- About the Book
A major reimagining of how evolutionary forces work, revealing how mating preferences what Darwin termed "the taste for the beautiful" create the extraordinary range of ornament in the animal world. In the great halls of science, dogma holds that Darwin's theory of natural selection explains every branch on the tree of life: which species thrive, which wither away to extinction, and what features each evolves. But can adaptation by natural selection really account for everything we see in nature? Yale University ornithologist Richard Prum reviving Darwin's own views thinks not. Deep in tropical jungles around the world are birds with a dizzying array of appearances and mating displays: Club-winged Manakins who sing with their wings, Great Argus Pheasants who dazzle prospective mates with a four-foot-wide cone of feathers covered in golden 3D spheres, Red-capped Manakins who moonwalk. In thirty years of fieldwork, Prum has seen numerous display traits that seem disconnected from, if not outright contrary to, selection for individual survival. To explain this, he dusts off Darwin's long-neglected theory of sexual selection in which the act of choosing a mate for purely aesthetic reasons for the mere pleasure of it is an independent engine of evolutionary change.Mate choice can drive ornamental traits from the constraints of adaptive evolution, allowing them to grow ever more elaborate. It also sets the stakes for sexual conflict, in which the sexual autonomy of the female evolves in response to male sexual control. Most crucially, this framework provides important insights into the evolution of human sexuality, particularly the ways in which female preferences have changed male bodies, and even maleness itself, through evolutionary time. The Evolution of Beauty presents a unique scientific vision for how nature's splendor contributes to a more complete understanding of evolution and of ourselves."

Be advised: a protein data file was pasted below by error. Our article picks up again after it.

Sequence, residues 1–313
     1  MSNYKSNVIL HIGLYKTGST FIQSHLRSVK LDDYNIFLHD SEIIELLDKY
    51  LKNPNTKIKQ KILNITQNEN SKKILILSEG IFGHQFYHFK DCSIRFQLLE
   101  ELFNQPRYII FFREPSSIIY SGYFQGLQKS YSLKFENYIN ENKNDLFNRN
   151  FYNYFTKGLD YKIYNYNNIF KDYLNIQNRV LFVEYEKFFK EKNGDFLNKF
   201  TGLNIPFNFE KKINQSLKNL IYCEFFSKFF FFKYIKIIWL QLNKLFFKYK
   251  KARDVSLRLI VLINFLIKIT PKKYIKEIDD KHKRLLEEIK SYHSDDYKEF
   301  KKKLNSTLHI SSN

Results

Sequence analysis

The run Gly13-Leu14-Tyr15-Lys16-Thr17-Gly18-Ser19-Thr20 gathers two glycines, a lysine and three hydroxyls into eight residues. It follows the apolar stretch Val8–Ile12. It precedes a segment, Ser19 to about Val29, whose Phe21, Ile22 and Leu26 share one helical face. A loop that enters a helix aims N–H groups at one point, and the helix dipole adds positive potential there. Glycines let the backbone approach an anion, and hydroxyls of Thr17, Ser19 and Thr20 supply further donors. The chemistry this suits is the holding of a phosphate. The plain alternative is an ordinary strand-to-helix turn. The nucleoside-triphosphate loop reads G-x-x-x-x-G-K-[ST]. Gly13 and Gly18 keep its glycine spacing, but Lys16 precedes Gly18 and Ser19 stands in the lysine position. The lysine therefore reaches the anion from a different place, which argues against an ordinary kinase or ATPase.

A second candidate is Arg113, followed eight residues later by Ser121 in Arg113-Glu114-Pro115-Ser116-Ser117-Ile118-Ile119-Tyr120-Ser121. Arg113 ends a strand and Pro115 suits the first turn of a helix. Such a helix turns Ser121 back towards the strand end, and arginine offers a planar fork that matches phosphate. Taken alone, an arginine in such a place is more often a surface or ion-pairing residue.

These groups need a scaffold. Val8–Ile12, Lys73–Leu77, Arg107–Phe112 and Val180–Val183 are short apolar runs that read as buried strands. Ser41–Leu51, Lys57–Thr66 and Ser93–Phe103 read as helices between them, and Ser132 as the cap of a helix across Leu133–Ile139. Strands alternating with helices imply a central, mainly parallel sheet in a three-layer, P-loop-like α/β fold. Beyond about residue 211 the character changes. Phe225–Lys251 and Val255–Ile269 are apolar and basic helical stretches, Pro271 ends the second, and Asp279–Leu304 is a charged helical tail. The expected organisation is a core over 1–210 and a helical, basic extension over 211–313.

Prum argues convincingly that the subjective experience of animals the pleasure they take in aesthetic display is a major evolutionary force. What is less clear and never really considered is whether animals are conscious of this pleasure and what it means when we say they experience beauty.... While some of these conjectures are more plausible than others, the book is a major intellectual achievement that should hasten the adoption of a more expansive style of evolutionary explanation that Darwin himself would have appreciated.
Richard Prum's The Evolution of Beauty is a book to wrestle with. It includes plenty of well-wrought scenes tales from the author's boyhood birdwatching days, or the story of his lab getting pilloried on Fox News for a $385,000 study on duck genitalia. But above all it focuses on one idea: that beauty drives much of evolution. And even when the details aren't quite convincing, the argument is exhilarating.... Unfortunately, while Mr. Prum makes an excellent basic case for aesthetic evolution, the details can get muddy.... All the same, my disagreements are really signs of engagement: The Evolution of Beauty should be widely read, as it will provoke readers, shaking them (as reading Hume did to Kant) from their dogmatic slumbers.
—Wall Street Journal
—Wall Street Journal